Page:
Report to Highley Parish Council, March 2022.

I often read over exchanges of emails from the early years and feel so sad that it hasn’t been a case of people “getting on with their job”, but rather that politics and egos got in the way. The only thing that saved my sanity was my stand as an Independent. I was answerable to no one except the people of Highley.

But it’s time to stand down and let someone else take it all on because frankly I’m tired of the way things are going.

There won’t be much of a council to work with anyway, in fact there isn’t much left of it now, so all that’s left to do is talk, not do.

I only stood again in May 2021 because I could see no one out there who would represent Highley’s interests and not follow the agenda of some national Party.

At the 2021 election I saw some really good people leave the county council, one of them with substantial time as a local councillor, serving with distinction on a number of high-profile committees, but de-selected by their Constituency Association who wanted a more compliant advocate for their Party’s national core values, and another who, totally disillusioned with a Party he no longer recognised as the principled one he had joined, relinquished the Party Whip with words that showed how betrayed he felt and stood (and won) as an Independent.

I’m hoping that someone will be found who, despite their outward political leanings, stands for Highley rather than Westminster and there are signs that that might actually happen.

Whoever it is, they’re entering a changed world in which the key word is “Shirehall”, except that it isn’t “just” a word; for me it encapsulates our individual idea of what a “council” is and does.

If I have a reference point it goes back to 2015 and ex-council leader Keith Barrow’s ambitious plans for “his” council-owned trading company, ip&e, and what most people wouldn’t be aware of, a subsequent police report (2016), which said that whilst the initiative established a more “businesslike approach” to the council’s activities, it also removed those activities from the scrutiny of Shirehall, raising the question of whether that removal from scrutiny was intended or was just an unintended consequence.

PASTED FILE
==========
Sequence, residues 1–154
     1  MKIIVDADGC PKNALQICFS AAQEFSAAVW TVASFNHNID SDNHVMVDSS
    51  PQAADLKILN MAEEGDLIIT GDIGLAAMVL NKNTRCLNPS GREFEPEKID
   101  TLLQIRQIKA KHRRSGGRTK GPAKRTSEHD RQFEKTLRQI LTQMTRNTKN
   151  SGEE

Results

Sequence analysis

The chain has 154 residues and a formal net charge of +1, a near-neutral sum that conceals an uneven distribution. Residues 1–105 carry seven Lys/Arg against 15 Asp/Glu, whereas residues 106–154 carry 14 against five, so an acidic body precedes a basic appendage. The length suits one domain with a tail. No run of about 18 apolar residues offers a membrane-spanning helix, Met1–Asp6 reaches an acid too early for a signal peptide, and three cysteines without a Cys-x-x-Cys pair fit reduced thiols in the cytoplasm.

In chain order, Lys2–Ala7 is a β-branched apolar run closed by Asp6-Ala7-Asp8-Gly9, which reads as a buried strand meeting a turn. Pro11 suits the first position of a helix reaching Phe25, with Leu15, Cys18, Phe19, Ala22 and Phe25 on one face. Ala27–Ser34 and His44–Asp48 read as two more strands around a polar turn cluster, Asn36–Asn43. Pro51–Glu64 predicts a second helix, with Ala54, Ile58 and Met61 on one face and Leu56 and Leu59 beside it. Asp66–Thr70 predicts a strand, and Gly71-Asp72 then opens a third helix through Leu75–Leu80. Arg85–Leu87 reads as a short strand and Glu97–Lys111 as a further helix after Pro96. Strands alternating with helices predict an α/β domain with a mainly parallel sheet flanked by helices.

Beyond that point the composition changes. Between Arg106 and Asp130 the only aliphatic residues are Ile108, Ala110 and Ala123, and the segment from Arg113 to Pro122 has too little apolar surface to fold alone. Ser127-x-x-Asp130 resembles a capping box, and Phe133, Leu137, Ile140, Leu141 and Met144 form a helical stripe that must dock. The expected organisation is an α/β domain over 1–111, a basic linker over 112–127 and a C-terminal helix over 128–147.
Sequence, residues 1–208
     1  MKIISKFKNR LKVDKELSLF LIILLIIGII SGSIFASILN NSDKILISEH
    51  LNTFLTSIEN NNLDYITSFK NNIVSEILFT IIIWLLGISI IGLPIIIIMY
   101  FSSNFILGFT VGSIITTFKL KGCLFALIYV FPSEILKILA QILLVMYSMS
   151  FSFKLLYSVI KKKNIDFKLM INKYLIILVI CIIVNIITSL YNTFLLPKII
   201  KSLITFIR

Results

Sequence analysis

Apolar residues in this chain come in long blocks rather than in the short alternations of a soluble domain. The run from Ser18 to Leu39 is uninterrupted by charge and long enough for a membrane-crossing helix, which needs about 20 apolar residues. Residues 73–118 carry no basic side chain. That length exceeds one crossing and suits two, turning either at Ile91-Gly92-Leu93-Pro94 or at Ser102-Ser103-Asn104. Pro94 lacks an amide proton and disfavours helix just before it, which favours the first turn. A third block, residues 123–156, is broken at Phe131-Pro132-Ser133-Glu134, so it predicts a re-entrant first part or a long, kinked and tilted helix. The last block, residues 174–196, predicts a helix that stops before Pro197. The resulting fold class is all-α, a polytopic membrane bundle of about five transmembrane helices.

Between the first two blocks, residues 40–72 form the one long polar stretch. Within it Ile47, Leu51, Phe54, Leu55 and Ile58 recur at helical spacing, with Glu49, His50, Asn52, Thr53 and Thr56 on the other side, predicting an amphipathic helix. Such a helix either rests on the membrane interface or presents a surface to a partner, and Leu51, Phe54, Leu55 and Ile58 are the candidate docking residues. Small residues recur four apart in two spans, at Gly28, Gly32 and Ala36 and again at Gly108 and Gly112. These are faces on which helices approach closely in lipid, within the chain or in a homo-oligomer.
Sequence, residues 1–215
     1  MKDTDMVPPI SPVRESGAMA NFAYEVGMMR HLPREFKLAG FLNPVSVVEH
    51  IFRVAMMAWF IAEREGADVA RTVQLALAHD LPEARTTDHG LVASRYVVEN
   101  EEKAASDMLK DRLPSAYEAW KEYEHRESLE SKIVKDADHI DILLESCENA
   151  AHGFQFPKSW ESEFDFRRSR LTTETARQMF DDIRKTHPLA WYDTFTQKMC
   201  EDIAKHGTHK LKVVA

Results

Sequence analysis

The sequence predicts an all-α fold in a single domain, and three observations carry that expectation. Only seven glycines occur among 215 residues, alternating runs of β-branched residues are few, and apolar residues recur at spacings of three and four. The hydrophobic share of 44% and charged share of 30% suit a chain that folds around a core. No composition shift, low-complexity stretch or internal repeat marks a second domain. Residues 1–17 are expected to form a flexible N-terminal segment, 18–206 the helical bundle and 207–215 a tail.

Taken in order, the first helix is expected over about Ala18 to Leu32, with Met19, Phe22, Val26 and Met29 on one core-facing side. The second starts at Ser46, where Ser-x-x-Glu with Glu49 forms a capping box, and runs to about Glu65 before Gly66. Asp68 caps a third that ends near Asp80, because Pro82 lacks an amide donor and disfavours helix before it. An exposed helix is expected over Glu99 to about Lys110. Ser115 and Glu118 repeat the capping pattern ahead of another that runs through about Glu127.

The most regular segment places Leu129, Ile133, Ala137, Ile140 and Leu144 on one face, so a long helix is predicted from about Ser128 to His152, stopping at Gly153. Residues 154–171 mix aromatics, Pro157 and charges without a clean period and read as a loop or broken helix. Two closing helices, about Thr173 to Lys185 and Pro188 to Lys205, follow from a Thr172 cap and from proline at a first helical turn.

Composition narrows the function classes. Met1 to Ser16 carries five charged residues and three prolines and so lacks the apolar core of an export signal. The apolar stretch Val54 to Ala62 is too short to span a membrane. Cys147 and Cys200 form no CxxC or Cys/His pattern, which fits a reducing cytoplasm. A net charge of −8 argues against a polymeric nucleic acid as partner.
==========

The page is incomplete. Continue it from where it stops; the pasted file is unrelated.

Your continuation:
Intentional or not, closing Shirehall and moving its activities to a town centre location (or, as a leading member of the Green Party in council suggested, moving council activities out to the “outlying” areas in order to spread democracy around – totally impractical) achieves that same outcome by removing those activities from immediate scrutiny because councillors are, at a stroke, removed to the periphery where they’ll be chasing from pillar to post trying to locate the “right” officer in possession of the information they need. As daft ideas go, the words “lunatic” and “asylum” come to mind.

To me, Shirehall is more than a concrete symbol of 1960’s architecture, it is demonstrably a well designed building for its purpose, although that will obviously be open to debate, much of it based more on personal prejudice and vested interest than the £380,000-worth of detailed technical consultancy that argued a solid case for the original decision to retain and refurbish Shirehall but which later, as if by magic, was used as the basis for the subsequent decision to demolish Shirehall.

In all innocence, when the decision to demolish was announced, I genuinely thought that another extensive, detailed study had been done and so I asked for the data on which the decision to demolish Shirehall was based. I was sent the identical documents that had made the case for its retention and refurbishment.

Thinking a mistake had been made, I pointed out that what I had been sent was the identical report that supported Shirehall’s retention. The senior officer I was talking to merely looked at me and smiled. It could have been paranoia but I’m sure I detected a faint look of pity in his eyes.